The regime of Alexander Lukashenka in Belarus continues to repress peaceful protesters who persist in their struggle for a democratic future, and police violence has reached unprecedented levels. Given the scale of public support for the Belarusian opposition leader, Svetlana Tikhanovskaya, the opposition to a sixth term for Lukashenka is unlikely to diminish. The EU has reacted with sanctions, but protesters and members of the opposition largely perceive its response to be lukewarm and insufficient.
What is the current state of play after five months of protests and repression and what can we expect in the months ahead? What are the chances for regime change in Belarus in 2021, and to what extent will Russia influence this? How can the EU and its member states best support the democratic transition in Belarus?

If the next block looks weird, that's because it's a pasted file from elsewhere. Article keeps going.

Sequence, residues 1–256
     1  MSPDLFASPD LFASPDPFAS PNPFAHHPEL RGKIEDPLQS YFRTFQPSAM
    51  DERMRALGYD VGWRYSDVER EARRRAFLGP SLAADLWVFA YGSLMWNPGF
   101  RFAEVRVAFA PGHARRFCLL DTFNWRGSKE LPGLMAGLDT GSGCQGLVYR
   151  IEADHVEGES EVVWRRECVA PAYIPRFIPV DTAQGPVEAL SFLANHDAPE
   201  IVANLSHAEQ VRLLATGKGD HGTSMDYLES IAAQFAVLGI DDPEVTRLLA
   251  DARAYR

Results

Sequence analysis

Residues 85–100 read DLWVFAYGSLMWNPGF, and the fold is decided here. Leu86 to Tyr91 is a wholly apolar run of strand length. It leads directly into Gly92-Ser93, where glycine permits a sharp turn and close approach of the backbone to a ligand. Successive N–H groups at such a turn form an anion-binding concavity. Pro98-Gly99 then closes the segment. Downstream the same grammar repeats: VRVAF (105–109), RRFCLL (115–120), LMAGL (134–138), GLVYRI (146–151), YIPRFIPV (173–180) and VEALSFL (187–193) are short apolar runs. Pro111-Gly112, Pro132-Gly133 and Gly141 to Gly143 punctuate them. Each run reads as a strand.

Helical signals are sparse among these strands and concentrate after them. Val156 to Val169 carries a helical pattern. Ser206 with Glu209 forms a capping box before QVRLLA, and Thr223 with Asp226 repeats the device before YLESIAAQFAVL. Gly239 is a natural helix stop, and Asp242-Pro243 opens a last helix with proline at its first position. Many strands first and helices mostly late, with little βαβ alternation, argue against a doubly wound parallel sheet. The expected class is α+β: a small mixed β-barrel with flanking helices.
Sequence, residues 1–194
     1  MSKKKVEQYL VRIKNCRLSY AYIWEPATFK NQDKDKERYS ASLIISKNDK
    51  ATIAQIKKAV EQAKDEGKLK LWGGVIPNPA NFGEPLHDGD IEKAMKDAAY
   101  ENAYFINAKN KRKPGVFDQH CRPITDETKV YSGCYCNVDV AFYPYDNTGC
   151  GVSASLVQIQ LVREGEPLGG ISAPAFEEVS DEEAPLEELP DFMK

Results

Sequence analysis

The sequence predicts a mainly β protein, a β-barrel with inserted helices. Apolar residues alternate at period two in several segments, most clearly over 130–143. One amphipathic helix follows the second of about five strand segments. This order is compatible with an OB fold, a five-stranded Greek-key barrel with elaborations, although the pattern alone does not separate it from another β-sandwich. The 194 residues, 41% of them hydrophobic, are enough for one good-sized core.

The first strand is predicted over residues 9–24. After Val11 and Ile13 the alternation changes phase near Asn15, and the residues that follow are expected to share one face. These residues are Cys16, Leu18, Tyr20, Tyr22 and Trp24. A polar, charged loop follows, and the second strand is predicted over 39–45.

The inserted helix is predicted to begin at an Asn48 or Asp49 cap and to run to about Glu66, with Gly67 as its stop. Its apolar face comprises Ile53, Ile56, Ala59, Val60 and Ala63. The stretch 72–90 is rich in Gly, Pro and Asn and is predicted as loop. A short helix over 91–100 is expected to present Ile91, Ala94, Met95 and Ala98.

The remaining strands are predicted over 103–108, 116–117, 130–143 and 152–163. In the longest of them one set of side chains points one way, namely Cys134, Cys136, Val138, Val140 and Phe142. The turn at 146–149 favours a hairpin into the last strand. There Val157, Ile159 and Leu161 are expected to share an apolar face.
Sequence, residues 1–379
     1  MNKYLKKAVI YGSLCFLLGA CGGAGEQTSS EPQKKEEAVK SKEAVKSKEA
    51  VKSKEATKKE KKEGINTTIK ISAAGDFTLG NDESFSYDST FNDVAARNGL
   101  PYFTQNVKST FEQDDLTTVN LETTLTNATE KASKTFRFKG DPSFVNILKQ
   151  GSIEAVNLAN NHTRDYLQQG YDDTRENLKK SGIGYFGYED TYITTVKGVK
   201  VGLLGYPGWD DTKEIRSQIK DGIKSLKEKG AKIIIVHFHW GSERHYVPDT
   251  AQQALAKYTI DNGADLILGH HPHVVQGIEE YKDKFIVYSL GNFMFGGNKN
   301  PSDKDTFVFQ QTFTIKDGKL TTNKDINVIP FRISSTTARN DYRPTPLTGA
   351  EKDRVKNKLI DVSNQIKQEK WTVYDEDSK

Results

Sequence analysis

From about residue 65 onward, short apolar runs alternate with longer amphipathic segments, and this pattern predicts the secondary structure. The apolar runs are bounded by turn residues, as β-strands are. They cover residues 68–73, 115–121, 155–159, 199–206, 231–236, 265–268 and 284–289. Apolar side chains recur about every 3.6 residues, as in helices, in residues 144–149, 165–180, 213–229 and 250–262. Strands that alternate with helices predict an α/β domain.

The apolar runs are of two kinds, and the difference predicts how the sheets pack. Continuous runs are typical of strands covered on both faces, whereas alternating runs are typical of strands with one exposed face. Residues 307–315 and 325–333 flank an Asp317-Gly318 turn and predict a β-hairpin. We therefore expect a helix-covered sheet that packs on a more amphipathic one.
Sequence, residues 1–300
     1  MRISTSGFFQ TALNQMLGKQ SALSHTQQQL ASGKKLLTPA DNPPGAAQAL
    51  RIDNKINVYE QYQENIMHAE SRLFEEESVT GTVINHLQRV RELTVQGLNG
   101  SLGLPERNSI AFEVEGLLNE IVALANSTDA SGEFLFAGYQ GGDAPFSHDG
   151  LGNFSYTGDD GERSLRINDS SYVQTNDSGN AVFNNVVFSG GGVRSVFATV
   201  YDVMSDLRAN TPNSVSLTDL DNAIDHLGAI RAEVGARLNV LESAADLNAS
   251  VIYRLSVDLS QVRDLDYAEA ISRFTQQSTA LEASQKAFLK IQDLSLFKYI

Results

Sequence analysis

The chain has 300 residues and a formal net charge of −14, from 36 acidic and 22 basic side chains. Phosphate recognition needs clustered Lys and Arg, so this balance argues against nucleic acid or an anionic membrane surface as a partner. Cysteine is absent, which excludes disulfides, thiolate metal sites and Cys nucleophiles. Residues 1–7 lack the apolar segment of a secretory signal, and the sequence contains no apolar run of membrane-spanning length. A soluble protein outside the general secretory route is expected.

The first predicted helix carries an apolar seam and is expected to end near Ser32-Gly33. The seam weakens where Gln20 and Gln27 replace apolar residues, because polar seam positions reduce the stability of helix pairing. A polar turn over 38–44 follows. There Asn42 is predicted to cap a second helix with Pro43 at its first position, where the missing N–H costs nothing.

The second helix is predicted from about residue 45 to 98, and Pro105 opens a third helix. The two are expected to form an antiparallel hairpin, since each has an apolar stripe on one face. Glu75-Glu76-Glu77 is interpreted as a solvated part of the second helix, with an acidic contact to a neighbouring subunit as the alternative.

- Charles Powell,Director, Elcano Royal Institute. (@CharlesTPowell)
- Svetlana Tikhanovskaya, Leader of Democratic Belarus, human rights activist. (@Tsihanouskaya)
- Mantas Adomenas, Vice-Minister for Foreign Affairs of the Republic of Lithuania.
- Marcin Przydacz, Undersecretary of State for Security, the Americas, Asia and Eastern Policy of Poland. (@marcin_przydacz)
- Cristina Gallach, State Secretary for Foreign Affairs and for Ibero-America and the Caribbean, Ministry of Foreign Affairs, European Union and Cooperation of Spain. (@cristinagallach)
- Mira Milosevich, Senior Analyst at the Elcano Royal Institute. (@MiraMilosevich1)
- Hanna Liubakova, journalist and non-resident Fellow at the Atlantic Council. (@HannaLiubakova)
- Kamil Kłysiński, Centre for Eastern Studies of Warsaw.
- Vytis Jurkonis, Institute of International Relations and Political Science of Vilnius.
Wednesday, 10th February 2021, from 10:00 to 11:30 hrs. CET (UTC+1)